Pancreatic Cancer Stroma Subtypes Can Harm or Hinder Cancer Progression

Research may help tailor treatments to individual patients.

Research may help tailor treatments to individual patients.

When it comes to pancreatic cancer, the stroma, or dense surrounding tissue, can have 1 of 2 effects on the patient. It can either prevent cancer-fighting drugs from gaining access to the tumor, or it can prevent the cancer from spreading to other areas in the body.

A recent study by UNC Lineberger Comprehensive Cancer Center revealed the 2 subtypes of pancreatic cancer stroma. The findings of the study could help tailor treatments to individual patients, something of particular importance for a disease that has a 5-year survival rate of only 7%.

“Right now, we still treat pancreatic cancers as one entity, while for some other cancers, we personalize treatment based on an individual patient’s tumor genetics or other characteristics,” said study senior author Jen Yeh, MD, a UNC Lineberger member and an associate professor and the vice chair for research in the UNC School of Medicine Department of Surgery. “We believe these results will set the groundwork for future clinical trials, allow treatments to be assigned based on the subtypes, and guide the development of new therapies.”

The study reveals the most rigorously validated classification system for pancreatic ductal adenocarcinoma to date. While previous studies have identified different subtypes of pancreatic cancer, researchers believe those attempts were confounded by the large amount of surrounding stroma that is intermixed with both normal and cancerous pancreatic tissue.

To compensate for this problem in their own study, researchers used a mathematical approach led by Richard Moffitt, PhD, a postdoctoral research associate at UNC Lineberger, to separate the tissue. The approach is called blind source separation and it allowed the researchers to separate the normal from the cancerous tissue and the stroma.

They were then able to examine gene expression patterns for each type in tissue samples from 5 different institutions. The researchers evaluated 145 primary and 61 metastatic tumors, 17 cell lines and 46 normal pancreatic samples. In addition, the researchers analyzed 88 samples of normal, non-cancerous tissue outside of the pancreas.

“This issue is that pancreatic cancer is a particularly difficult cancer to analyze because of its confounding stroma, so we needed to marry the right data analysis technique to the right problem,” Dr. Moffitt said.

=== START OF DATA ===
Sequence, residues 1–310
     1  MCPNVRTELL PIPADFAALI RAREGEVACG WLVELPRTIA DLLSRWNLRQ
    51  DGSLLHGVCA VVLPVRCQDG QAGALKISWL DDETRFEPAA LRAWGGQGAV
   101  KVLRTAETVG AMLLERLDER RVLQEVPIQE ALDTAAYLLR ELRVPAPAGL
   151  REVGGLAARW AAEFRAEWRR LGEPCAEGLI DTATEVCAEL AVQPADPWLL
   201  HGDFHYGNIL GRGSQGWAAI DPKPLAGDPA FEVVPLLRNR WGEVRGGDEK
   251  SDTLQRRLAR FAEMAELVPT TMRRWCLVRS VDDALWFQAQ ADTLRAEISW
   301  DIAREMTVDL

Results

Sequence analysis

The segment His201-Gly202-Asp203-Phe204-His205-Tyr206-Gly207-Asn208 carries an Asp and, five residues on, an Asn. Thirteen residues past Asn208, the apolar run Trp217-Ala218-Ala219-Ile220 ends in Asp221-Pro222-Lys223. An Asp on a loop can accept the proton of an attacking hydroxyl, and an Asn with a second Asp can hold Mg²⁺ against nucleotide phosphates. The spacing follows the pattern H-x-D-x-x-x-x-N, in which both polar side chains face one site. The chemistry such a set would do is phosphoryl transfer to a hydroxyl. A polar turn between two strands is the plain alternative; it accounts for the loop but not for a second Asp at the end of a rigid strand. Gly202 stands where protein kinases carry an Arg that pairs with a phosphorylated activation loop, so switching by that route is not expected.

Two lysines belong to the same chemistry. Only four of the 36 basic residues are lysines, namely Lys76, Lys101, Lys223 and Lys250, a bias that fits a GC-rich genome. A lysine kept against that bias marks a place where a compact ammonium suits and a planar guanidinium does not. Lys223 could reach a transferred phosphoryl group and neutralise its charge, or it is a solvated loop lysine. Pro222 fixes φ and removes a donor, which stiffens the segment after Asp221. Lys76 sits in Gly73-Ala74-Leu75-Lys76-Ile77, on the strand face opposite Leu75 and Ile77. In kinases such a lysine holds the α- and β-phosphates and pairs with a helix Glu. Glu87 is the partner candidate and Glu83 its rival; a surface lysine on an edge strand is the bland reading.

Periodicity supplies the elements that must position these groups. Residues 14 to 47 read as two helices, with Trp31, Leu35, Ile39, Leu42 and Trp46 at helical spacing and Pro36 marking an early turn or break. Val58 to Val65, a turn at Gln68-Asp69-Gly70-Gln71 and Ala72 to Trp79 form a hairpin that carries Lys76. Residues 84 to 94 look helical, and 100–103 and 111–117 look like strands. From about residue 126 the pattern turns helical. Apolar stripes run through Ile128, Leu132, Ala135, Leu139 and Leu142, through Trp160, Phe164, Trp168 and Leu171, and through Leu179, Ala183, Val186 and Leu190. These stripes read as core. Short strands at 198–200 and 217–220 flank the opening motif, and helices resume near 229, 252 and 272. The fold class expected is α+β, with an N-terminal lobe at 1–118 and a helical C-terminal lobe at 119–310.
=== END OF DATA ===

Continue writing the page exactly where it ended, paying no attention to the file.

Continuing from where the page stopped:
Two subtypes of pancreatic stroma were identified and named “normal” and “activated,” respectively. Patients with the activated subtype had worse survival outcomes.

“This study helps make sense of researchers’ conflicting findings about stroma — that it can either promote or be a barrier to tumor spread,” Dr. Yeh said. “We are seeing 2 distinct types of stroma in patients.”

The report also revealed 2 different subtypes of pancreatic tumors called “basal-like” and “classical.” Basal-like is linked to worse outcomes for patients with 44% of patients who have the basal-like subtype living 1 year after surgery. However, those with the classical subtype had a 70% survival rate. Basal-like tumors also trended toward a better response to adjuvant therapy.

“If we know that your tumor is aggressive, then it may be important to treat your whole body first with neoadjuvant therapy, which is therapy given prior to surgery, as opposed to just trying to remove the tumor with surgery at the outset,” Dr. Yeh said. “In addition, the basal-like subtype is very similar to basal breast and bladder cancers, which respond to therapies differently than other tumor subtypes, so we are very interested in seeing whether or not this is true for pancreatic cancer as well.”

The findings suggest that a patient’s treatment regimen should be determined after their specific subtype of tumor and stroma is identified. Yeh said the researchers will be launching clinical trials to investigate how patients with the different subtypes respond to treatment.

“For pancreatic cancer in particular, it’s a race against the clock, ever therapy counts, so you want your first therapy to work,” she said. “With this cancer, you don’t have a lot of time to try different therapies. If a patient is given a therapy that is unsuccessful, that is time in which the patient’s disease has progressed. So the goal is to start patients on the right therapy from the get-go.”

With the ability to now distinguish the difference between stroma and tumor subtypes, scientists will be able to better tailor the treatment to the patient in need, with the hope of getting the right treatment administered the first time.